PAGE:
Inflation drops to 15.60% in January 2022

Inflation rate in the first month of 2022 dropped to 15.60% year-on-year from the 16.47% recorded in the same period of 2021, the National Bureau of Statistics (NBS), revealed in its latest CPI report released yesterday. This is 0.87% lower than recorded in January 2021.

The Consumer Price Index (CPI) report measures the average change over time in prices of goods and services consumed by people for day-to-day living.

The rate of rise “shows that headline inflation rate slowed down in January, when compared to the same month in the previous year.”

The report also showed that inflation was highest in Abuja at 18.59%, Kogi 18.28% and Bauchi at 17.61%, and was lowest in Kwara 12.94%, Niger 14.10%, and Oyo at 14.19%.

Furthermore, the urban inflation was down to 16.17% year-on-year in January 2022 from 17.03% a year ago, and rural inflation dropped to 15.06% from 15.92% year-on-year.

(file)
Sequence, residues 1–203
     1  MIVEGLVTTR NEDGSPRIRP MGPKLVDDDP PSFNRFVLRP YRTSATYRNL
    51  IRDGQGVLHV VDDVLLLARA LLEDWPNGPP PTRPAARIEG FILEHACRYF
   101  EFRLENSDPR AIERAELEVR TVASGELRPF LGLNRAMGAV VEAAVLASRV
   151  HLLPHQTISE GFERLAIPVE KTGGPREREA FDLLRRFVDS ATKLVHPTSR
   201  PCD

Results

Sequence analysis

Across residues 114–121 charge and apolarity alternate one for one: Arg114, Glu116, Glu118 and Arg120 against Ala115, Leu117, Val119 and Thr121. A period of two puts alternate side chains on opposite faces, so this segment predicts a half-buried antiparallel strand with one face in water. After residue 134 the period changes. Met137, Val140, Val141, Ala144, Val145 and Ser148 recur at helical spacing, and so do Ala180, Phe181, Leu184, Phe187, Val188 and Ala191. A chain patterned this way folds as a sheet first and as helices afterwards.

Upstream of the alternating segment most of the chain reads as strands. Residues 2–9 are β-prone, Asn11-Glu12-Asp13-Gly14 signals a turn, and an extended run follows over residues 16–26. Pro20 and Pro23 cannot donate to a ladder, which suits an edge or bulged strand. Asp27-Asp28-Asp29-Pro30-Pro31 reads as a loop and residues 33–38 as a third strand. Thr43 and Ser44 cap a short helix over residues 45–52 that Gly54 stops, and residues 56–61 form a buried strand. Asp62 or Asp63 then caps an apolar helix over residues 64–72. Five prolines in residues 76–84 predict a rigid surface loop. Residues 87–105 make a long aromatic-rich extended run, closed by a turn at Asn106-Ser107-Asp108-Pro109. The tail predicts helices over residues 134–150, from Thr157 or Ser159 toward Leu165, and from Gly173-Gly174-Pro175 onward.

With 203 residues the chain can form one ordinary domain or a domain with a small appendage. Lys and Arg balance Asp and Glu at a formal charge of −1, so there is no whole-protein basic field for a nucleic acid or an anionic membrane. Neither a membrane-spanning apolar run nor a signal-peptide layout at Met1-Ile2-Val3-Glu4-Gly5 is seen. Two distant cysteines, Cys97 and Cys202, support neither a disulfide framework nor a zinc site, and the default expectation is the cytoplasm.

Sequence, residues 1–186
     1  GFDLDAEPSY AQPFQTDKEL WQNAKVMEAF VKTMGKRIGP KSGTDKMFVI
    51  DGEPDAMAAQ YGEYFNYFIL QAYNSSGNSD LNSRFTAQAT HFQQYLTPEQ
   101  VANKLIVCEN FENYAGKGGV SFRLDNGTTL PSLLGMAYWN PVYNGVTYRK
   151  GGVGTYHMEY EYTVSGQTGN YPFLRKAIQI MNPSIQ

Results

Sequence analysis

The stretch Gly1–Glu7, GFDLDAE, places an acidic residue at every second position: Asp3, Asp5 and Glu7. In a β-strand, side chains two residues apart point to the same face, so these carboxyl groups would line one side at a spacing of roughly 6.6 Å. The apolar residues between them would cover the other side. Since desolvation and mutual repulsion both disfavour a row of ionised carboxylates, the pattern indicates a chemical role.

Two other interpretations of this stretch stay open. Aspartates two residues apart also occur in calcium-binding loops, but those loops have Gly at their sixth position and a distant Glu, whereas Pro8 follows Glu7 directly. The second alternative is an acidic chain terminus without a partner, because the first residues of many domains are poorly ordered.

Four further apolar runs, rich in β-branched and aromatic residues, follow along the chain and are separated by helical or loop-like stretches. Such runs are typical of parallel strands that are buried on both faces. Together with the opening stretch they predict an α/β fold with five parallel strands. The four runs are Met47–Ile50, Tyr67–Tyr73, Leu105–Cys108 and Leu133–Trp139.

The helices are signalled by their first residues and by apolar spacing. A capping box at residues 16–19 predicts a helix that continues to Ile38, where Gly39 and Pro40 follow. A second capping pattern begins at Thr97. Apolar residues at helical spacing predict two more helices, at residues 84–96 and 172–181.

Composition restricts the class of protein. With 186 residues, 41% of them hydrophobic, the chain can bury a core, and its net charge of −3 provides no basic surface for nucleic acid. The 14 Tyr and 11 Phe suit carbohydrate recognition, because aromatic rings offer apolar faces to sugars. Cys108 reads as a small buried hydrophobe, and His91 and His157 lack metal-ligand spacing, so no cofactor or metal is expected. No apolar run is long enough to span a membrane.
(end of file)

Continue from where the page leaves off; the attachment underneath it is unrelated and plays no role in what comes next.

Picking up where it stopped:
On a month-on-month basis, the Headline index rose 1.47% in January 2022, which is 0.34% lower than the 1.82% recorded in December 2021.

The rate of rise “shows that headline inflation rate slowed down in January, when compared to the same month in the previous year.

Also, the composite food index slowed to 17.13% down from 20.57% year-on-year, occasioned by high prices of bread and cereals, food products, potatoes, yam and other tuber, soft drinks, oils and fats and fruit.

The food inflation on a year-on-year basis was highest in Kogi at 22.61%, Enugu 19.84% and Akwa-Ibom at 19.67%, while Sokoto at 14.18%, Bauchi 14.63% and Kaduna at 15.01% recorded the lowest rise in January 2022.

According to the NBS report, the ‘’All items less farm produce’’ or Core inflation, which excludes the prices of volatile agricultural produce was 13.87% in January 2022, up by 2.02% compared to the 11.85% recorded in January 2021.

On a month-on-month basis, the core sub-index was 1.25% in January 2022, down by 0.13% compared with the 1.12% recorded in December 2021.

Prices of electricity, liquid fuel, wine, tobacco, spirit, solid fuels, cleaning, repair and hire of clothing, shoes and other foot wear, as well personal transport equipment and other services recorded the highest increases.

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